The Jacksonian era was one of adversity for Harrison. A persistent office seeker, he found himself obliged in 1834 to accept a position as clerk of the court of common pleas in Hamilton county, Ohio, in order to cope with financial troubles. Having aspirations for the presidency, he promoted his candidacy by tours of Indiana and Illinois during the summer of 1835. Anniversary celebrations of the battles of Tippecanoe and the Thames glorified his military career, friendly editors publicized his political availability, and local Whig conventions in Pennsylvania, Maryland, Kentucky, and Indiana pledged their support.
When friends of Daniel Webster suggested Harrison as a Whig running mate, Old Tip proclaimed that he would not run for Vice President “on that ticket or any other.” During
the summer of 1836 he broke with tradition and openly campaigned at rallies throughout the country. Because the Whigs could not agree on a candidate, their vote was divided among Harrison, Webster, and Hugh L. White. Harrison, nevertheless, carried 7 states, losing to Democrat Van Buren by an Electoral vote of 170 to 73.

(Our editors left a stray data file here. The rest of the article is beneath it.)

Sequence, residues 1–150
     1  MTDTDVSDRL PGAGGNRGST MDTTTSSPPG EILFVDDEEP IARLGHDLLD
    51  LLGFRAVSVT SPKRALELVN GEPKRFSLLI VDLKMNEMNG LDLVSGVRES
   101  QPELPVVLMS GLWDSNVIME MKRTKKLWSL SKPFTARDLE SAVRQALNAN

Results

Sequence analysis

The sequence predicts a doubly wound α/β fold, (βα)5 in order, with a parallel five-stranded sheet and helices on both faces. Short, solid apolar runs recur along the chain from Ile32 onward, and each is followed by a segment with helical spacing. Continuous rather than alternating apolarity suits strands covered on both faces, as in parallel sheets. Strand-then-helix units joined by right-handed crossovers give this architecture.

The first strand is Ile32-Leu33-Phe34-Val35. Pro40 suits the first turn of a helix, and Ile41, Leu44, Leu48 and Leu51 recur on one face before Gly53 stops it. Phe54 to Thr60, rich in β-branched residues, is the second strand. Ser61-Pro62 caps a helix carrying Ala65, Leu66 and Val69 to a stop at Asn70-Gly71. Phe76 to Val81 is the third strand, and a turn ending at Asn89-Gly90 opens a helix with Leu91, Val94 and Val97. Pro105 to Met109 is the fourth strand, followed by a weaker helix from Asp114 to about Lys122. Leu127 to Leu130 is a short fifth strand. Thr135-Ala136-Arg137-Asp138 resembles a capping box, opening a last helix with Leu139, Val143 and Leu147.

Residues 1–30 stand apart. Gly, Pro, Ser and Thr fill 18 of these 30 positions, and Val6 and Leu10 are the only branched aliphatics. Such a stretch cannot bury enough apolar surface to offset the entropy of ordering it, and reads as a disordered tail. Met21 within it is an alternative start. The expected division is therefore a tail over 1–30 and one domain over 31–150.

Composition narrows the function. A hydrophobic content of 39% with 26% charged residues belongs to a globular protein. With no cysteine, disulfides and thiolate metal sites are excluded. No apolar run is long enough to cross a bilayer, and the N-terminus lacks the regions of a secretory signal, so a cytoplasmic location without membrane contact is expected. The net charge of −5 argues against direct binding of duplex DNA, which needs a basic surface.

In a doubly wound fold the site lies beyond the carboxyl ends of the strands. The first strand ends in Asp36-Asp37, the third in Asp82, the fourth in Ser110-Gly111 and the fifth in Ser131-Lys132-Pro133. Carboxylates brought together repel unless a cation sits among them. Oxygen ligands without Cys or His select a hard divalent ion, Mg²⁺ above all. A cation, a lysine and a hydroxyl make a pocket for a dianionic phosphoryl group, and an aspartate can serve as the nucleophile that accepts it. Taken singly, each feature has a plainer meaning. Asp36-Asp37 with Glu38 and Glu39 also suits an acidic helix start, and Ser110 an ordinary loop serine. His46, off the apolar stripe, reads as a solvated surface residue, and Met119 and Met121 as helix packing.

The Log Cabin Campaign
For the next four years Harrison waged “a campaign by continuation,” cultivating the support of war veterans and of Whig and Anti-Masonic party leaders. At the national Whig convention in Harrisburg in December 1839, his delegates rejected their acknowledged leaders, Webster and Henry Clay, and nominated Harrison. The only “ability” they sought, said Sen. Thomas Hart Benton of Missouri, was “availability.” No platform was adopted, and advisers told Old Tip to keep his lips “hermetically sealed” on the issues of slavery, the tariff, and the U. S. Bank. To gain support in the South, the Whigs nominated John Tyler, a former senator from Virginia, for the vice presidency. Northern and Southern Whigs were urged to rally behind “Tippecanoe and Tyler, Too.”
At their convention in Baltimore in May 1840, the Democrats renominated President Van Buren. Hard times following the Panic of 1837 made Democratic prospects gloomy. The Liberty party nominated James G. Birney.
Democratic campaigners wept crocodile tears for Clay and ridiculed Old Tip, now past 67, as “Granny,” belittling his military record and accusing him of senility. “Give him a barrel of hard cider, and settle a pension of $2,000 a year on him,” advised one reporter, “and … he will sit the remainder of his days in his log cabin … and study moral philosophy.”